The opinion examines the possible introduction of a new concept into EU law: "low-profit". This concept would define all organisations that are likely to make a profit but that do not intend to distribute it to their owners or shareholders, as they have a different purpose.
Making a reality of the European Pillar of Social Rights (the "Social Pillar") will require improvements in Member States and a robust budgetary base, investment and current spending.
More public investment within Member States can be facilitated by reference to a Golden Rule for public investment with a social objective, which would allow more flexibility in budget rules with a view to achieving the aims of the European Pillar of Social Rights. More public investment can also be supported by the use of existing EU instruments, especially the European Structural and Investment Funds (ESIFs), and by the European Fund for Strategic Investments (EFSI). This support should explicitly include objectives linked to the Social Pillar.
Appropriate taxation policies, including effective fight against tax fraud, tax avoidance and aggressive tax planning, should allow Member States and the EU to raise additional means to contribute to the financing of the Social Pillar.
In this era of digitalisation and globalisation, the EESC is calling for major efforts to implement balanced policies that put social, economic and environmental sustainability on an equal footing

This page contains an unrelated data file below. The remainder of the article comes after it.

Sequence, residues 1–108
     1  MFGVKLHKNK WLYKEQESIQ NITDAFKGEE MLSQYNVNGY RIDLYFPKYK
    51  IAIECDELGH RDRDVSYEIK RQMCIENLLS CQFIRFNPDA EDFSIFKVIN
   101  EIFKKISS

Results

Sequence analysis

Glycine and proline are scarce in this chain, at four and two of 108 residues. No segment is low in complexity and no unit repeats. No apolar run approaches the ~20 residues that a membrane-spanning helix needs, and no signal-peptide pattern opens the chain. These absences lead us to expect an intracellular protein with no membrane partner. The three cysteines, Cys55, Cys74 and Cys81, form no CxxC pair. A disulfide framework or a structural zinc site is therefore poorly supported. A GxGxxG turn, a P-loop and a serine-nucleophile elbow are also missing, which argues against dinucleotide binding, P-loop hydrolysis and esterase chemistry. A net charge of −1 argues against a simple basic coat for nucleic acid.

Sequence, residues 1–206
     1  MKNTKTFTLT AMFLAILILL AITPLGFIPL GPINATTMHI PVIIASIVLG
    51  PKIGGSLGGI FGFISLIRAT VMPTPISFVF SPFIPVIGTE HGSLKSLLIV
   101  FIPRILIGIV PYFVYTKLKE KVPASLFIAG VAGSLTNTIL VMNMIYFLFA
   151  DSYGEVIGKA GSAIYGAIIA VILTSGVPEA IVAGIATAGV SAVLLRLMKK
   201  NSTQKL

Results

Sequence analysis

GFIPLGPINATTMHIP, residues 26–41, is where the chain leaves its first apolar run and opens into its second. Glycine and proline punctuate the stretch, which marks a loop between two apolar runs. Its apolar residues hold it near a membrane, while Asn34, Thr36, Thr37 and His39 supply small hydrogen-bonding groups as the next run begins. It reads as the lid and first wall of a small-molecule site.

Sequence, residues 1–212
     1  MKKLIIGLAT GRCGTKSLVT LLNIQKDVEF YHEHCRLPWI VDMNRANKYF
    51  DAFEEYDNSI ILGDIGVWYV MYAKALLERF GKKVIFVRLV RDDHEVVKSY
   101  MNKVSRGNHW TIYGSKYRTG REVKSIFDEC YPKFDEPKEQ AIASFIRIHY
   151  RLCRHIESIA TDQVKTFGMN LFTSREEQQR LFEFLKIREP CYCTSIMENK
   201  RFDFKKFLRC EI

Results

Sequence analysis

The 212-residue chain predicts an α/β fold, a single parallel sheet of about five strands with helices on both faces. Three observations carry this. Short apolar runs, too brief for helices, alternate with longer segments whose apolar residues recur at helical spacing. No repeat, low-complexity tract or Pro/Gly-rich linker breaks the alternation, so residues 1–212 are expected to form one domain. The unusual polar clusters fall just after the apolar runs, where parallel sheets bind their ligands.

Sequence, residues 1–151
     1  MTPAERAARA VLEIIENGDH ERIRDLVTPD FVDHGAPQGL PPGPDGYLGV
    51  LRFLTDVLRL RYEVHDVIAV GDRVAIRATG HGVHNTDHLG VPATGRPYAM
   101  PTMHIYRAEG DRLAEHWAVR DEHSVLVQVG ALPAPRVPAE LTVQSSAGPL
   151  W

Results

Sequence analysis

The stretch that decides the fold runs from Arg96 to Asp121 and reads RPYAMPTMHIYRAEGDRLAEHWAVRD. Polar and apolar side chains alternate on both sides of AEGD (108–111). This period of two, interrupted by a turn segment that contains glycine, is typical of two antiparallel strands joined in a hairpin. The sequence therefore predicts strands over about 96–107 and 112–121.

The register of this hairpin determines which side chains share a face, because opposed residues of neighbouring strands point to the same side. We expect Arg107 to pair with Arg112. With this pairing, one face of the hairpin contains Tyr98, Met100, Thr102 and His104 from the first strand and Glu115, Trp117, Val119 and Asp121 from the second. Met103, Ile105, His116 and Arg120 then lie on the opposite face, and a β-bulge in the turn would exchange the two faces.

To overcome the new imbalances and inequalities that have widened not only between the EU's different regions but also between social classes, genders and generations in European society, European policy-makers should ensure that social sustainability is taken into account in all their policies, the European Economic and Social Committee (EESC) said at its last plenary.
On 24 January the European Parliament, the European Commission and Member States reached an agreement on the Work-Life Balance.
This agreement is a concrete step to make the lives of European working parents and carers easier, said Gaby Bischoff, President of the Workers Group at the EESC.
The EU should amplify the voice of those standing up for rights and freedoms and involve them more closely in its work to safeguard the rule of law
The Workers’ Group of the European Economic and Social Committee (EESC) is following with great concern the situation unfolding in the Federative Republic of Brazil. There have been serious attacks on the social, labour and trade union rights of Brazilian workers: a very tough labour reform that harms the social dialogue, hard won social rights have been cut, independent media have been closed and Brazil’s young democracy, obtained after 20 years of dictatorship (1964-1984), is threatened.
Statement of the President of the Employers' Group
On 20 February 2019 the EESC adopted an opinion calling for an EU framework directive on minimum income. The Employers' Group fully shares the view of the EESC that fighting against poverty is a necessity. However, for us the instrument proposed in the opinion is not the correct one. For this reason, the Group tabled a counter-opinion, presenting its views on measures needed to reduce poverty. The counter opinion was supported by almost 40% of the EESC Members.